Finally, Don had this to say about Fleming. "He was always fun to be around...a clown and a tease but gracious and offered his home for the night and drove us everywhere to show us all the attractions the city had to offer."
|Stan Fleming in His Home Studio, Novoto, CA, 1989|
|Stan Fleming's Obituary 03/11/09|
In the book Professional Storyboarding: Rules of Thumb By Sergio Paez, Anson Jew, Benton Jew talks about the impact Fleming had on his art career.
Let's talk about how you broke in. You know, going to school, starting up. How did you got from being a student to where you are right now?
Well, as a high school and junior college student, I had already done a little bit of fredancing here and there for small things. I did some comic books while I was in college—going to art school. I would always show my artwork to different artists and get their advice and while I was studying at the Academy of Art University, I showed my work to Stan Fleming, who was a storyboard artist on films like the second Indiana Jones movie and some other films. And he shared my interest in comic strips and comic books and I showed him some comic book work that I did while he was giving a lecture at The Academy of Art. So he remembered me and recommended me for a job that he couldn't do or didn't have time to do while at ILM and so I was at my last semester at The Academy of Art. They hired me to work on a job. It was a simulator ride called Body Wars as a freelancer. So that's how I got my start working at ILM and then they decided to build a bigger art department, so I was a part of that an department for 13 years.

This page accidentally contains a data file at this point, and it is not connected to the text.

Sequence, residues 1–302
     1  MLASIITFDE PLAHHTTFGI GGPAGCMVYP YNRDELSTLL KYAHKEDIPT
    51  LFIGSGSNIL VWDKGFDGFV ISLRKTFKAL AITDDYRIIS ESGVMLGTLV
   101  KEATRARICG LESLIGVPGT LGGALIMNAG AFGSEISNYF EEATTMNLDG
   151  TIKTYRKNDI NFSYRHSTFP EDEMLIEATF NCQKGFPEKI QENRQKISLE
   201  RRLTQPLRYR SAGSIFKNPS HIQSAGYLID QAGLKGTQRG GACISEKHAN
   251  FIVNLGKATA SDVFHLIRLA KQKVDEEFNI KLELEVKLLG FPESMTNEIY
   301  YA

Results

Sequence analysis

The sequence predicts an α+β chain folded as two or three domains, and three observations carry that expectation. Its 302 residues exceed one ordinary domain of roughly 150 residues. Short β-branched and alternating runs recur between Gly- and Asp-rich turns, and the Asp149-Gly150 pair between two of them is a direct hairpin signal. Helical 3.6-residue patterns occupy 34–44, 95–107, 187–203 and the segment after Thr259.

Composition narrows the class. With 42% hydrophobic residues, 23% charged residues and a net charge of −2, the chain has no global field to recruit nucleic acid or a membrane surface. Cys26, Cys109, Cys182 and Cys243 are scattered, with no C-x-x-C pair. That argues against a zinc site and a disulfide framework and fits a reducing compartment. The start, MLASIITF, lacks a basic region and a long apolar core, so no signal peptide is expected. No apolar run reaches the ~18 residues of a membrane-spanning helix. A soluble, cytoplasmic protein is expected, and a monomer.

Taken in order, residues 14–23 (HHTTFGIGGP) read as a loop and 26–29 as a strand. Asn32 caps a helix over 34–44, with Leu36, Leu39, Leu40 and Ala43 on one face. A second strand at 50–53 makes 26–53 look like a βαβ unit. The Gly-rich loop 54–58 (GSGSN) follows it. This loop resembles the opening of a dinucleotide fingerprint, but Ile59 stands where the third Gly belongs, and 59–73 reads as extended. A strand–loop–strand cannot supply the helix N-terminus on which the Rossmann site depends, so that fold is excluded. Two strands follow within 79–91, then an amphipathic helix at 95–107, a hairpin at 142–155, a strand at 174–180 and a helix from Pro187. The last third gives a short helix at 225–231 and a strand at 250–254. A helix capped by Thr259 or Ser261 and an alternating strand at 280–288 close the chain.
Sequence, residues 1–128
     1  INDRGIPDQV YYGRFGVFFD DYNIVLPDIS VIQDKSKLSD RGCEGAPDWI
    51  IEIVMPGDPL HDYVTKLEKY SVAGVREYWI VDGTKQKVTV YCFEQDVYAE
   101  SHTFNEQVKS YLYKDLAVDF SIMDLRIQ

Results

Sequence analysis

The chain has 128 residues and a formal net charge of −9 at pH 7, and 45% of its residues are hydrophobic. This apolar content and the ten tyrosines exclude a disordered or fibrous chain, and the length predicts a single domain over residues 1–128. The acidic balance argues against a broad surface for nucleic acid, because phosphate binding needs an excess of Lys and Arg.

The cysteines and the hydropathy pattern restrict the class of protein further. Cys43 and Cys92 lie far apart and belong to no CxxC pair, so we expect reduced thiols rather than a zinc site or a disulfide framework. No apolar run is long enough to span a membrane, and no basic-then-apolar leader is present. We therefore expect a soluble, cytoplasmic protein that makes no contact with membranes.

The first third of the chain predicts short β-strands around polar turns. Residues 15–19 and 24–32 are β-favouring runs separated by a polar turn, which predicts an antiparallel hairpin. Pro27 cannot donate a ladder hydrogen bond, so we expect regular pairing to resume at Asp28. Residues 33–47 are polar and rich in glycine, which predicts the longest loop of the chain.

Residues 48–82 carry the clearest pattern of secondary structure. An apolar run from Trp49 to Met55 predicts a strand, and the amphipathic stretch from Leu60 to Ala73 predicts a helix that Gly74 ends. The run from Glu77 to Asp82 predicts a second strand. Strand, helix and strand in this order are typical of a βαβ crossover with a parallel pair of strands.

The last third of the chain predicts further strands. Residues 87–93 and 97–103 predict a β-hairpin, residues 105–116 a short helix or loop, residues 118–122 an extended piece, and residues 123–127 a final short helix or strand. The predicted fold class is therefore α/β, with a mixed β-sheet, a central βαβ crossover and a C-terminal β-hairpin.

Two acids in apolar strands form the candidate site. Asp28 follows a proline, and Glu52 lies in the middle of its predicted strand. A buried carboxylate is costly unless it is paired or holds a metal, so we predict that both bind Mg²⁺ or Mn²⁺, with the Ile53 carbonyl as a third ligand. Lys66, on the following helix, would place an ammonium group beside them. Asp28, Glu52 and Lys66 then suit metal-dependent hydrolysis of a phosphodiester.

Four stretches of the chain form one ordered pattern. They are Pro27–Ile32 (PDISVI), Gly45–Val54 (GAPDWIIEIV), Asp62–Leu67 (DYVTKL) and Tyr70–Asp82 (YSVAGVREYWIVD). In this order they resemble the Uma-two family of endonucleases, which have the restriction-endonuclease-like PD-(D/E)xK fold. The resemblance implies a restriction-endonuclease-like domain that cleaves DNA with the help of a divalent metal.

Now, when you showed them your portfolio, what did you show them?
The thing he remembered was kind of a comic book style thing I did for the Oakland A's. I had done two five-page comic book inserts inside an Oakland A's Magazine and I showed him some of the original artwork and be liked my style. I just grabbed him after he gave his talk and a lot of people were showing their portfolios to him and he remembered my snuff because it was kind of an old style comic strip style. He was a big fan of Stan Drake and I was a big fan of Stan Drake so he apparently remembered me. After that, we became friends later, and that's how I got the job.